Bryston's $9590/pair Model T subwoofer

"This is our new top-of-the-line subwoofer," said James Tanner, as he proudly showed a non-playing Byrston Model T subwoofer that will retail at $4795 each. He described why Bryston built a 110' tower to confirm that sub's anechoic response does actually reach down to 12Hz.

This depth of response was achieved by a thorough vibration analysis, crossover refinement, and new driver design. Three 8" long-throw cone drivers, powered by an internal class-D 600W amplifier, are used to generate the sub's 18Hz–150Hz (±3dB) response with a maximum SPL of 108dB measured at 1 meter. The sub's internal low-pass crossover can be set at 40Hz, 80Hz, 100Hz, or 150Hz. The 105 lb Bryston Model T sub stands a little over 3' tall.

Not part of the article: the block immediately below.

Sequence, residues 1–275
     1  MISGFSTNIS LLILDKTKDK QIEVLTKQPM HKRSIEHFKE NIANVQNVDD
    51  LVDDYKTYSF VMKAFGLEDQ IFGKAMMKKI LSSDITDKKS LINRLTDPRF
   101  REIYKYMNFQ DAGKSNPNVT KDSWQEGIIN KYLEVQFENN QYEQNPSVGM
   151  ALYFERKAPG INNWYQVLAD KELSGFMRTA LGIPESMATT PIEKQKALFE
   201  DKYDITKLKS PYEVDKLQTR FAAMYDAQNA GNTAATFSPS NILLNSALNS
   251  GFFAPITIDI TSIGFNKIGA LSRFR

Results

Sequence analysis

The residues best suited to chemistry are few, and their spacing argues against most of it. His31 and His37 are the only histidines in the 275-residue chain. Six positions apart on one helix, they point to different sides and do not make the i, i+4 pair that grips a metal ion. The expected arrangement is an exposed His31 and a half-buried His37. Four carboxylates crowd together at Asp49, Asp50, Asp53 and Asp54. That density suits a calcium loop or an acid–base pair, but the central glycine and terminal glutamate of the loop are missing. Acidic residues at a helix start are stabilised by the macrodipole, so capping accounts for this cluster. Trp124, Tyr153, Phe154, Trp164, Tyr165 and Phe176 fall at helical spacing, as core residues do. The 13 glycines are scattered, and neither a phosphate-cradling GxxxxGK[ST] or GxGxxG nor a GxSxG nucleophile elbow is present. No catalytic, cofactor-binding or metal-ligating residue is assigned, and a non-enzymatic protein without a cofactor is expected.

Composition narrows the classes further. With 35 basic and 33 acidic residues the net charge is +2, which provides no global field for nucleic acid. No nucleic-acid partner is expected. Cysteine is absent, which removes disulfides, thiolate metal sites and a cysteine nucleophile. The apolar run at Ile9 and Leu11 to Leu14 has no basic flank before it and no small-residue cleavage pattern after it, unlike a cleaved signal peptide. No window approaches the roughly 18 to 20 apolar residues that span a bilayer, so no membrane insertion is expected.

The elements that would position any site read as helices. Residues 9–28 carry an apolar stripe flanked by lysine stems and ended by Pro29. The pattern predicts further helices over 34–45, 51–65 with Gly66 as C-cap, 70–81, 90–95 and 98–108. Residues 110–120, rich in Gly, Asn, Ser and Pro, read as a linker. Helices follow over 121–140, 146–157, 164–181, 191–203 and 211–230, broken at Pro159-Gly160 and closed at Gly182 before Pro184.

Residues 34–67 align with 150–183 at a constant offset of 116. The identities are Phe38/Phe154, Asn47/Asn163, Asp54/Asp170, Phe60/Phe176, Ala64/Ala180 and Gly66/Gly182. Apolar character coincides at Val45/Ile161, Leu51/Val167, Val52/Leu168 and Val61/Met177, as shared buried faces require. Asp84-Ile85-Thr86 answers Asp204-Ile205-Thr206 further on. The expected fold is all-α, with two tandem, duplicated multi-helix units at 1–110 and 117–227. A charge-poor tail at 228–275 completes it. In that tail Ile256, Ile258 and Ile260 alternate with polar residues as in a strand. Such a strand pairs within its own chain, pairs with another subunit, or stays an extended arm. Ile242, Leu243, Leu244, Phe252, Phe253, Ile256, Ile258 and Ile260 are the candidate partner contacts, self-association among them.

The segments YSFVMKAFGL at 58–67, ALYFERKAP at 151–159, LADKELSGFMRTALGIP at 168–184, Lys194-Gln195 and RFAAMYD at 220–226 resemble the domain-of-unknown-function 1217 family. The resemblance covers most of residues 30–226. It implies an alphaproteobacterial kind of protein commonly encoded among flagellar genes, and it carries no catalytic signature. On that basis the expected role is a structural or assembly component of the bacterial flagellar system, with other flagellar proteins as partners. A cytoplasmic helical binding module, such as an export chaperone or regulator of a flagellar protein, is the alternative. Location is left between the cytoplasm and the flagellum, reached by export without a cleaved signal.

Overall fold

As with many subwoofers being developed today, no high-pass crossover option is offered. James Tanner, like me, uses a Bryston 10B sub external electronic crossover to roll off his main/satellite loudspeakers so they don't have to play the deepest bass notes when the Model T sub is working. Both he and the designer of the Thiel subwoofer claim that audiophiles these days don't ask for high pass filters for their after-market subwoofers.